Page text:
Gender Slavery And Freedom Essay

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Gender, Slavery, and Freedom – Essay 4 During the eighteenth and nineteenth-century, notions of freedom for Black slaves and White women were distinctively different than they are now. Slavery was a form of exploitation of black slaves, whom through enslavement, lost their humanity and freedom, and were subjected to dehumanizing conditions. African women and men were often mistreated through similar ways, especially when induced to labor, they would eventually become a genderless individual in the sight of the master. Despite being considered “genderless” for labor, female slaves suddenly became women who endured sexual violence. Although a white woman was superior to the slaves, she had little power over the household, and was restricted to perform additional actions without the consent of their husbands. The enslaved women’s notion to conceive freedom was different, yet similar to the way enslaved men and white women conceived freedom. Black women during slavery fought to resist oppression in order to gain their freedom by running away, rebel against the slaveholders, or by slowing down work. Although that didn’t guarantee them absolute freedom from slavery, it helped them preserve the autonomy and a bare minimum of their human rights that otherwise, would’ve been taken away from them. Black …show more content…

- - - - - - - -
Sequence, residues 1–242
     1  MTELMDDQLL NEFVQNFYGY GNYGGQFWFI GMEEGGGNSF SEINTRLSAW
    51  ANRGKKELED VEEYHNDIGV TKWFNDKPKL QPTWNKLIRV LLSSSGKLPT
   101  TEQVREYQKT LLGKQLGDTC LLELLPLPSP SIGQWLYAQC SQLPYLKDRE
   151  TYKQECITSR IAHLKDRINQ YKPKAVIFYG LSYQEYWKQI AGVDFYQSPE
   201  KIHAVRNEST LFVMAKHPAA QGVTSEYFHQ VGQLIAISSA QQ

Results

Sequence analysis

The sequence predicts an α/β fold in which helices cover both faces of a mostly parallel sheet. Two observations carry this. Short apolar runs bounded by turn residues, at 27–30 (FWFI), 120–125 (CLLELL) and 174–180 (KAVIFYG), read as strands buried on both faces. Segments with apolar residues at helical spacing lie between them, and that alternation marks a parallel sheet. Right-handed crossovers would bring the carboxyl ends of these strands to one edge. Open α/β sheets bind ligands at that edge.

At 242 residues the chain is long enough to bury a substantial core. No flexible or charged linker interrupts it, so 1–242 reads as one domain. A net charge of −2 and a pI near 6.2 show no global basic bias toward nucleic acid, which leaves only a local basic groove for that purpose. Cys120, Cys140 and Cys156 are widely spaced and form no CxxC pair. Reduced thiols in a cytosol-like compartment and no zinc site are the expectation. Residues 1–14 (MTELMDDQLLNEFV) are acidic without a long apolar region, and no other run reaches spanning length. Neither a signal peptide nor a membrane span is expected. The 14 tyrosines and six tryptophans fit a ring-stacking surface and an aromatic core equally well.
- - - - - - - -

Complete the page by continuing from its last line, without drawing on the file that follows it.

Freedom was knowledge, education and family, but “The root of oppression decided as a “tangle of pathology” created by the absence of male authority among Black people” (Davis, 15). Therefore, they enjoyed “as much autonomy as they could seize, slave men and women manifested irrepressible talent in humanizing an environment designed to convert them into a herd of subhuman labor units” (Davis). Instead of being the head of the “household”, he and the women treated each other as an equal. This thought would soon become a historical turning point that initiated the fight for gender

In this essay, the author

  • Explains that slavery was a form of exploitation of black slaves, who lost their humanity and freedom, and were subjected to dehumanizing conditions.
  • Explains that resistance allowed black men and women to feel empowered over slavery. they were vulnerable to the acts of their masters and to all forms of sexual coercion.
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